…Erica Stephan writes in to let me know I totally missed the point in my last entry…
From “Erica Stephan” Date Sat, 20 Dec 2003 9:03 PM
To “Francisco Toro”
Subject Re: Why am I blogging?
for the record, I don’t think your latest entry really addressed what for me is the key venezuelan question these days: Realistically, if an opposition candidate were elected president, would that regime be any better than Chavez’s as far as respecting the equality of all persons before the law? Would that regime treat “deposed” chavistas with scrupulous fairness, would it change the constitution – if it did so – respecting a truly democratic process, would it give substance to the Chavez-era programs to help the poor like schools and credit schemes rather than tossing them out as retrograde populism? Would it institute land reform that worked? If your answer is yes, you’ve got some convincing to do, since the dominant voices in the opposition seem – to my amateur eye at least – seem mostly interested in booting Chavez at any cost. And if your answer is no, why should people interested in democracy support a recall effort?
In a sense, of course you are right. I can’t guarantee that the post-Chavez era will come any closer to realizing the vision I set out than the pre-Chavez era. Certainly, any number of opposition dinosaurios give little room for hope. From Rafael Marin to Medina Gomez to Antonio Ledezma to Salas Romer himself, the opposition is full of “leaders” who don’t really seem to get it at all, in my view. So the uncomfortable bed-mates problem is a real one, of course it is.
However, for every Rafael Marin in the opposition we have a Teodoro Petkoff, for every Ledezma we have an Elias Santana, or a Jesus Torrealba, or an Andres Velasquez, or a Manuel Cova. The opposition obviously has something of a split personality, yes, but one side of that split is made up of people of impecable democratic credentials, of considered views, of a deep commitment to tolerance.
Other than Greg Wilpert, I challenge you or anyone else to come up with a corresponding list of Chavistas who are willing to stick their necks out for the basic principles of the rule of law and the republican form of government. It will be a short list, an exceedingly short list, for the simple reason that all those who at one point dared to question anything that Chavez has said or done – from Jorge Olavarria to Pablo Medina to Javier Elechiguerra – were all promptly kicked out of the chavista movement, banished for what amount to thought-crimes against the carismatic leader’s total control of his movement.
I do think that the opposition has changed, and continues to change and evolve. It’s been a steep learning curve. In April 2002, at the time of the coup, the movement was barely five months old. We had no historical guides, no rule-book, no pre-fabricated idea about how to proceed against a democratically elected autocrat. And we made lots of mistakes, all of us, in thinking that Chavez’s constant flouting of the constitution somehow excused us doing the same.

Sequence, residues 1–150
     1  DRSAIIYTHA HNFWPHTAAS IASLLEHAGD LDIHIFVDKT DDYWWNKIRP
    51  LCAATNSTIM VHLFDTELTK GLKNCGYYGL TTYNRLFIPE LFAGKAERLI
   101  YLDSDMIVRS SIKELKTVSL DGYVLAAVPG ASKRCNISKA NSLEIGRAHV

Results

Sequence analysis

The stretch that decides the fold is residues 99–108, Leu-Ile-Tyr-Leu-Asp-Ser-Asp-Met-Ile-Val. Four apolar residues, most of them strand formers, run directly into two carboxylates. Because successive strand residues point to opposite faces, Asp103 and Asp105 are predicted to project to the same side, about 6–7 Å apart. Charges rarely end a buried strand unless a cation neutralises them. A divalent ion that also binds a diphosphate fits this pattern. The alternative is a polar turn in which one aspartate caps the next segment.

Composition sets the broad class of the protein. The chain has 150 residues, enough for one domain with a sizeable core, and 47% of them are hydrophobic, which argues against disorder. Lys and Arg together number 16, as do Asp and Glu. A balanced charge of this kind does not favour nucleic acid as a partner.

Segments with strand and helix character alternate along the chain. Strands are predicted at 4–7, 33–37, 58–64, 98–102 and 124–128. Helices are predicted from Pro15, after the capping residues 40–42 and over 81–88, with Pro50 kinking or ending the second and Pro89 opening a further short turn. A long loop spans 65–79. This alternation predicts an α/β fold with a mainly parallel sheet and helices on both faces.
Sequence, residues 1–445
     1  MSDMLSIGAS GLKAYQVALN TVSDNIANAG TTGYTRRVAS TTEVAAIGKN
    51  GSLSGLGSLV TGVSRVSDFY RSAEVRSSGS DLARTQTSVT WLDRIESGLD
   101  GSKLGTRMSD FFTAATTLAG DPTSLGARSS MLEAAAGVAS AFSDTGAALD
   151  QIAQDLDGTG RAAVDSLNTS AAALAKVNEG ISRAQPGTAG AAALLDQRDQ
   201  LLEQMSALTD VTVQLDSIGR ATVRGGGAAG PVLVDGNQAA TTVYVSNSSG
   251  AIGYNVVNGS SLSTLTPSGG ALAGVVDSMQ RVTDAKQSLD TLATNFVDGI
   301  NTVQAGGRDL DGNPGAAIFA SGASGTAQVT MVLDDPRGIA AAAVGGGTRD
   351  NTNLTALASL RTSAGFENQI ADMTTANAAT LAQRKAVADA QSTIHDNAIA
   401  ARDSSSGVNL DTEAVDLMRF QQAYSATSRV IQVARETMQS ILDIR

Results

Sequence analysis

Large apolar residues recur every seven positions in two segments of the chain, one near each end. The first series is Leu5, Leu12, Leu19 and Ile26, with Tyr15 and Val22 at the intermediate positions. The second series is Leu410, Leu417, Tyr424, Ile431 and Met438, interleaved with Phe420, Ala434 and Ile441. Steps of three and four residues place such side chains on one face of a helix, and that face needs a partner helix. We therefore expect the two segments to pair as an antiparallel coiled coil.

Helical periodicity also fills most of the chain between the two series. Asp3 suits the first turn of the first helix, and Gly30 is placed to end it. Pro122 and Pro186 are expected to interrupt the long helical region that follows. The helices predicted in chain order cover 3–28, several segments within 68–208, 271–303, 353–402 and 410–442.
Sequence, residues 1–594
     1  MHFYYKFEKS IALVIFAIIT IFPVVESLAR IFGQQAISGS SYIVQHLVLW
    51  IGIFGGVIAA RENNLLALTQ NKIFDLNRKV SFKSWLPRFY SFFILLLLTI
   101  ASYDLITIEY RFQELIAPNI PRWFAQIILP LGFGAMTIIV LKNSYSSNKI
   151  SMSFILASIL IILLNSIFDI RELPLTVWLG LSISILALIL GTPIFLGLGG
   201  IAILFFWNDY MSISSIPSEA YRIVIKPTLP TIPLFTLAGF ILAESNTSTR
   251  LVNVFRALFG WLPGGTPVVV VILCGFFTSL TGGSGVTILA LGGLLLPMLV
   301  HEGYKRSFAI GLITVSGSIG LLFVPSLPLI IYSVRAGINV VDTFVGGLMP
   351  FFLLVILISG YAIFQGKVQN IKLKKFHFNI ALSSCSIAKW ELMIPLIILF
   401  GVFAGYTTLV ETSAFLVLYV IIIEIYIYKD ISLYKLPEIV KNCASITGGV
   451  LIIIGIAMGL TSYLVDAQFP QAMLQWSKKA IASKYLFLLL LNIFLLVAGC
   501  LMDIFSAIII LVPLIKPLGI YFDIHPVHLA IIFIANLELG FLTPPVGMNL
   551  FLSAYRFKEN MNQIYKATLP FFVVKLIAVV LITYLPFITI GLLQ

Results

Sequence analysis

Two horrendous political train wrecks later, we’re the wiser for it. The coup and the 2002-2003 general strike were, everyone now understands, truly disastrous failures, not only of tactics but of principles. It has taken a lot of time and debate and internal wrangles and angry diatribes for the opposition to come to understand that you can’t protest the flouting of the law by flouting the law.
But today, the movement is closer to understanding that than it ever has been. The recall strategy in itself – scrupulously constitutional and carefully monitored by both sides, international observers, and CNE – is a powerful symbol in itself of this change in mentality. Teodoro Petkoff writes beautifully about this (Read Tal Cual, I beg you!) The fast-tracks and shortcuts and extraconstitutional hanky-panky strategies are really out of favor now, and the opposition’s new maturity has been demonstrated again and again in its handling of the flood of chavista provocations on the days preceeding, during, and following the signature gathering drive. My point is that people do change, and so do political movements. They evolve, they learn, slowly, collectively, they do learn. In my view, this is the single most heartening sign in Venezuelan politics today.
Can the movement backslide? Of course it can. Do I have a crystal ball that allows me to guarantee that it will do the things you ask of it? I don’t, and I can’t. All I can do is guarantee that if it does backslide, I will be lining up behind Teodoro and Manuel Cova and Andres Velasquez and Elias Santana and Chuo Torrealba to fight for the same principles that we have all been fighting for since we started looking at the world in political terms.
What the opposition offers is a possibility for moving forward, a chance to solve a 173 year old problem. Chavismo, through its actions, has demonstrated again and again that it cannot, will not, and does not want to cut the gordian knot of arbitrary state power. If, like me, you think that solving that problem is really the key to solving all the rest of Venezuela’s problems, then I think it’s imperative to support the opposition, this opposition, warts and all, all the while keeping the eye firmly on the ball, reiterating again and again the point of this entire exercise.
With the opposition, success is far from guaranteed. But with Chavez, failure is guaranteed.